I think it was in 2015 that the Japan Triathlon Union introduced funding for all age group “champions” – the individuals who had accumulated the most points over the season – to go the World Championships. Previous to this, only one male and one female – the winners of the overall points championship – got funding. Now there is funding for 13 bands in both male and female age groups, not just for the Worlds, but also the Asian Championships. On top of this, you get a champion’s cycle top, announcements of every race you enter on the JTU website, and guaranteed entry for all ranking races.
To win your age group, you have to accumulate points from JTU ranking races. Unsurprisingly the system is rather complicated and takes a bit of getting used to. Points are awarded for the top 5 finishers in each age group. There are three grades of race: A, B, and C. 15 points are awarded to the winner of an A race, 14 points for a B race, and 13 points for a C race. Your annual point tally is calculated on the basis of your best 4 races, but with one condition: only two A races are counted. In most age groups, it is necessary to get the maximum of 58 points to win – two 15-point races, and two 14-point races. If there are two people on the same number of points, they start counting your fifth and sixth races. This means that it is really hard to win an age group if you only do 4 races; most people do many races (one AG winner did 11 ranking races in 2017). If you are serious about winning the age group, you also need to win races you don’t need points for in order to prevent rivals getting those points. It turns into a bit of a rat race.
In 2013 and 2015, I just missed out on first place as I didn’t understand the points system. I was focusing on races I didn’t need to win, and missing races I needed. At the start of 2016, my friend and rival Misu-san explained how we needed to target certain races, particularly 14-point races, to win. (This act of kindness was based on our being in different age groups at the time; from next year we will go back to not talking!) I sat down for hours working out target races, and then arranged my training and warm-up races around them. Just like everyone else does.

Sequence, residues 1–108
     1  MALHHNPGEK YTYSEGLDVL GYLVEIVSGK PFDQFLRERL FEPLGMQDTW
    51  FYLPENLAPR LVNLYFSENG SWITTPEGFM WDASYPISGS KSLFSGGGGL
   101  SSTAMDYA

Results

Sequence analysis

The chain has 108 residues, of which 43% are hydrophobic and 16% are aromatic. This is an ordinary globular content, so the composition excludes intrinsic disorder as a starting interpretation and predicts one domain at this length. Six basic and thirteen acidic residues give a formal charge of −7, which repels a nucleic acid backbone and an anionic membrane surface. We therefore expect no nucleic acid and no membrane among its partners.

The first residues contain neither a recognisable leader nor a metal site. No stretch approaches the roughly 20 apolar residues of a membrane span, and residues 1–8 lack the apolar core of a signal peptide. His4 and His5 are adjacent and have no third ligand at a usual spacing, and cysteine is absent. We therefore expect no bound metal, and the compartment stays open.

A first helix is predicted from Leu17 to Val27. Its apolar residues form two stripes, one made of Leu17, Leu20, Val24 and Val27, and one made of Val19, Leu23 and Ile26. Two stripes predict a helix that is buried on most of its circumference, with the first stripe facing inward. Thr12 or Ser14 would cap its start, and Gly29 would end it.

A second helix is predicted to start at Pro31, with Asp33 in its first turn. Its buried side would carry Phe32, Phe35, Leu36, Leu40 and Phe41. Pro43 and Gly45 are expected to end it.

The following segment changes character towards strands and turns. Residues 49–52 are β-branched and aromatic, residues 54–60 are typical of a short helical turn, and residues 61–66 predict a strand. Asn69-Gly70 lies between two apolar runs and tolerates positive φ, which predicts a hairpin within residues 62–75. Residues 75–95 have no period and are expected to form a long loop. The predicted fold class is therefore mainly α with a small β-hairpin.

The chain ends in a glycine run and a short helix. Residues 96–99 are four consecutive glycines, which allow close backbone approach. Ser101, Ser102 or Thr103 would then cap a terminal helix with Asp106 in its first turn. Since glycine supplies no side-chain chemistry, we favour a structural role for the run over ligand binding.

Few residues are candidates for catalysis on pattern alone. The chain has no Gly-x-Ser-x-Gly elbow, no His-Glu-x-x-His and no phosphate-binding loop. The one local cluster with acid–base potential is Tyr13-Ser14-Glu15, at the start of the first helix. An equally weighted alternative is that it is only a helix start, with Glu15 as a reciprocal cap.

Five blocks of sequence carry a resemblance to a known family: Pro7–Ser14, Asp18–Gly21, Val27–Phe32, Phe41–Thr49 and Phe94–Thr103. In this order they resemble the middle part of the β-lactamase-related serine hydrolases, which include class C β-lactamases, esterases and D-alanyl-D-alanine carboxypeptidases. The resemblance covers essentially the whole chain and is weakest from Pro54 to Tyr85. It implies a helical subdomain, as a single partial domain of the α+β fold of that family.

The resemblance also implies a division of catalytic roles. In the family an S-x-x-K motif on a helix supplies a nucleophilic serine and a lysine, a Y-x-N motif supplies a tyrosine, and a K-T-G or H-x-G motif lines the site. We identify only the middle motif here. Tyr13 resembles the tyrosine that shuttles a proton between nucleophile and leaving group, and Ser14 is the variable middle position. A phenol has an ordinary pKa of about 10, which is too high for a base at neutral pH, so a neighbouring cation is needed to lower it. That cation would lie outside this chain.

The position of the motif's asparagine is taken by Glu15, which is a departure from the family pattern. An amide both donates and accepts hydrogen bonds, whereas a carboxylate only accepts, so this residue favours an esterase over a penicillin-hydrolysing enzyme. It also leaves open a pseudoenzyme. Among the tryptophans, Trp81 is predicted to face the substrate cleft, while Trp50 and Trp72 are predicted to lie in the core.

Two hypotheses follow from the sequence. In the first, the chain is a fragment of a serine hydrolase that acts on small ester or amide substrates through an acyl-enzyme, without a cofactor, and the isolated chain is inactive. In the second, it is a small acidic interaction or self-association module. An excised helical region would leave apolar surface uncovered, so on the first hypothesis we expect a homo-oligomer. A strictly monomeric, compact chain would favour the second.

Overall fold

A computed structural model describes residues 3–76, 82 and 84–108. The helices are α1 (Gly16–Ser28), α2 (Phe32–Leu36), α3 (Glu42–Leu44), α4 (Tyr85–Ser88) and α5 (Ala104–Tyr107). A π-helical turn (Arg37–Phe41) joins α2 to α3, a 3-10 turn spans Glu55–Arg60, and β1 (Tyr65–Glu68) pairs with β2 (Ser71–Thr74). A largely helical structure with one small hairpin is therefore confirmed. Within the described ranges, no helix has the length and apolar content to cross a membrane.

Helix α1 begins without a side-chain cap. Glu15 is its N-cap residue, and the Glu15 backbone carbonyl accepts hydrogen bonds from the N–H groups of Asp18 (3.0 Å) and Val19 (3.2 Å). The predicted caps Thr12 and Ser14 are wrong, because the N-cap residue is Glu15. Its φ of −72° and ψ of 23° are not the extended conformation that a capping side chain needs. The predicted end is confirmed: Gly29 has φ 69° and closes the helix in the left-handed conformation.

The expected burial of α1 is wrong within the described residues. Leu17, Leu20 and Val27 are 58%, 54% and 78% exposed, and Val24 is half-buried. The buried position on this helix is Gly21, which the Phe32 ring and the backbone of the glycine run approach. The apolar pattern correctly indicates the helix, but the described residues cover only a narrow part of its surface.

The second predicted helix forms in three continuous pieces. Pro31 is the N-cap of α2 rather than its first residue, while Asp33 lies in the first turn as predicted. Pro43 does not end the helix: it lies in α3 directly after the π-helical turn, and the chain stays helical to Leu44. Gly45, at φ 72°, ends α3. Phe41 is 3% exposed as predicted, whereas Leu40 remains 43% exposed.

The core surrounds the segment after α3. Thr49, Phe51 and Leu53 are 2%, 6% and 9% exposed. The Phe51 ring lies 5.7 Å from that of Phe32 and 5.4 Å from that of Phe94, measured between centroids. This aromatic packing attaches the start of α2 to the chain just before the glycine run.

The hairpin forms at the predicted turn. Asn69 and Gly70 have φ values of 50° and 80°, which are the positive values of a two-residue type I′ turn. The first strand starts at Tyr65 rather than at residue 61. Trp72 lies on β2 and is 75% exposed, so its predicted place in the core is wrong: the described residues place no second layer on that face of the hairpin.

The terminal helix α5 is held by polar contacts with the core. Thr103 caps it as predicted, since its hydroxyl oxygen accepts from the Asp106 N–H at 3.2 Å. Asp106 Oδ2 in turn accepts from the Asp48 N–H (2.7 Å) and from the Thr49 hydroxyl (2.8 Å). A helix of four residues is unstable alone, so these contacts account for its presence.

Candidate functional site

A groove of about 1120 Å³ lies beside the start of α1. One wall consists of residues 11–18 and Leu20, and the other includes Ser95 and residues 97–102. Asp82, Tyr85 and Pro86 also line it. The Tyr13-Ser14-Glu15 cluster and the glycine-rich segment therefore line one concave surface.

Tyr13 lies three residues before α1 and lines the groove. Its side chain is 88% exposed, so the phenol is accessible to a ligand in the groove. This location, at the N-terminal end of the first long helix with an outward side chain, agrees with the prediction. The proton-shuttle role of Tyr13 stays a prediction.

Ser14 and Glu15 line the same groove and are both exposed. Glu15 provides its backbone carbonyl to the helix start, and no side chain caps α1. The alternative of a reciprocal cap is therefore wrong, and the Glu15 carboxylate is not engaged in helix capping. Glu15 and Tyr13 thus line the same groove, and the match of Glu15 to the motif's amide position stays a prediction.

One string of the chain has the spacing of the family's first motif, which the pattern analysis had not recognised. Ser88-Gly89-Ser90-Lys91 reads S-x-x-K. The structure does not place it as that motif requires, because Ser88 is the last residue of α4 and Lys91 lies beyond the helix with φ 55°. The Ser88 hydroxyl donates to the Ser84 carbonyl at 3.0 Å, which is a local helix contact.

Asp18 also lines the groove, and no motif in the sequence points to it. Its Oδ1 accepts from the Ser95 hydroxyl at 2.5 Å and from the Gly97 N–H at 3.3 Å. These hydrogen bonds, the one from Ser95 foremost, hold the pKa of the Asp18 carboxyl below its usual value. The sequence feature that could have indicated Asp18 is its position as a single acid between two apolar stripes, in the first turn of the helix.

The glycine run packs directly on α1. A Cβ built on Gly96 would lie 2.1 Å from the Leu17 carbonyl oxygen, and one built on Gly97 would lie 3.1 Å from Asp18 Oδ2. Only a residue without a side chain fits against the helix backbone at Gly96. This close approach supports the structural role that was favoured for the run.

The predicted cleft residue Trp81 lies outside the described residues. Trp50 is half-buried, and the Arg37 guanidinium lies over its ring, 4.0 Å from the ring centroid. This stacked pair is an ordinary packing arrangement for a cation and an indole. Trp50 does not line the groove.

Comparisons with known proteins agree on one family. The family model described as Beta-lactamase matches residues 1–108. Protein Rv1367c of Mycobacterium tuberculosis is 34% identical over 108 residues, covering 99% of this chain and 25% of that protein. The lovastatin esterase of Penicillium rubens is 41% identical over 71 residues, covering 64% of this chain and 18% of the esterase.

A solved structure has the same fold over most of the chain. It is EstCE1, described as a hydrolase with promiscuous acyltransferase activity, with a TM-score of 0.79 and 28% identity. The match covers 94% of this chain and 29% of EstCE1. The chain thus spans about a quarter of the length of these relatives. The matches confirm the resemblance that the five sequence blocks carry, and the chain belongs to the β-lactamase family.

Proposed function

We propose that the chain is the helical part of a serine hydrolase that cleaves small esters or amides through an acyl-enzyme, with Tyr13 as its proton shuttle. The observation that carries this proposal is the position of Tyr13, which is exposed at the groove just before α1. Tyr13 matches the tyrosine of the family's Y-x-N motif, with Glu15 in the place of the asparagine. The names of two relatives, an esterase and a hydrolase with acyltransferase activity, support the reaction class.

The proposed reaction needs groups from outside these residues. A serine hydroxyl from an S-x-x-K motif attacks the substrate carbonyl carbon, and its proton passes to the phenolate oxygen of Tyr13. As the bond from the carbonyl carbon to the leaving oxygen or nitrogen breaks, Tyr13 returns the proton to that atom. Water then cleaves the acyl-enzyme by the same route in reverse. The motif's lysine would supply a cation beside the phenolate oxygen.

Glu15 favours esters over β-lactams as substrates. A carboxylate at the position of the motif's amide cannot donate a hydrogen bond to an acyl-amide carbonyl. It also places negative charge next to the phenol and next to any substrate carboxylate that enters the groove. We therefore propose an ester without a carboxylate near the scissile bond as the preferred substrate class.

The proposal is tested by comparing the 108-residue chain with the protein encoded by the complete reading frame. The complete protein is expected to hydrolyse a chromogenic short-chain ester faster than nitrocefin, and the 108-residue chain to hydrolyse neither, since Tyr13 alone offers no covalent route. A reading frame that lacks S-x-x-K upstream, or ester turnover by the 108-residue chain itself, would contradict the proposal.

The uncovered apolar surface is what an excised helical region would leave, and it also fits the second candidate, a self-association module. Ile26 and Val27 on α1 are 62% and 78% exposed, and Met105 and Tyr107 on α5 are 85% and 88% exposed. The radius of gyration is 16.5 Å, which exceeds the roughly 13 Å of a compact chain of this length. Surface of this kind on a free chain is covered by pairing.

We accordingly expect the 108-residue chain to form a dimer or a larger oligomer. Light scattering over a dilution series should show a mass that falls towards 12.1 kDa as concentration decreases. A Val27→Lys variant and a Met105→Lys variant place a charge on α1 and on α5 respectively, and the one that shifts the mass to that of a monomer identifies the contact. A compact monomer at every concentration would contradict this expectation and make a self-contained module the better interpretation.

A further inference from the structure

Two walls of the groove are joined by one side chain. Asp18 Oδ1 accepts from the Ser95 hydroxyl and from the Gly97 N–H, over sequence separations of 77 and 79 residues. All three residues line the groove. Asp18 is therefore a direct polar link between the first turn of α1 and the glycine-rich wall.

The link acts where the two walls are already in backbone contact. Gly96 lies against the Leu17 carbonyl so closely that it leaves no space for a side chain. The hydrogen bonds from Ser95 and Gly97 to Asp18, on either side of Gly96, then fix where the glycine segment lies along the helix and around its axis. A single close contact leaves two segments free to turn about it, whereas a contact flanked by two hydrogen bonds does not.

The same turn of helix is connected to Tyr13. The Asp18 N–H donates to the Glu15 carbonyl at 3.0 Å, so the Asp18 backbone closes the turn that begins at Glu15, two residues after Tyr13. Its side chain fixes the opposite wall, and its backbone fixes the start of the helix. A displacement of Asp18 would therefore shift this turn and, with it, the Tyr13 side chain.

Each year, the ranking races change somewhat, but certain races are always A-ranked: Yokohama and Murakami in particular. In 2016, there were six A-races, all of them on the flat. For people who prefer hilly courses, this is a disadvantage. In terms of B-races, there is much more variety. You can choose hilly courses, such as Hiwasa and Toyama, or flat courses. C-races are mostly for training as they don’t allow you to get maximum points.
While the points system undeniably adds an extra dimension to triathlon, it also takes something away. From when the season starts in April, till when it finishes in November, you have to keep training and keep winning. If you hit a slump, that is it. I have talked to several other triathletes who are at or near the top of their age group, and by the time it gets to the end of the season, they say they just feel tired – not only tired from racing, but weary of the whole chase for points. One person in the 60-64 age group told me he is going to do Xterra from now on as he wants to go back to doing races for the pure joy of it. He has a very good point.
In 2018, I will try not to chase points again. As a break from Olympic distance, I have already signed up for the Goto B-race (middle distance) and plan to do at least two more at that sort of distance. However, for those who are interested in targeting the age group ranking races, here is the list for next year.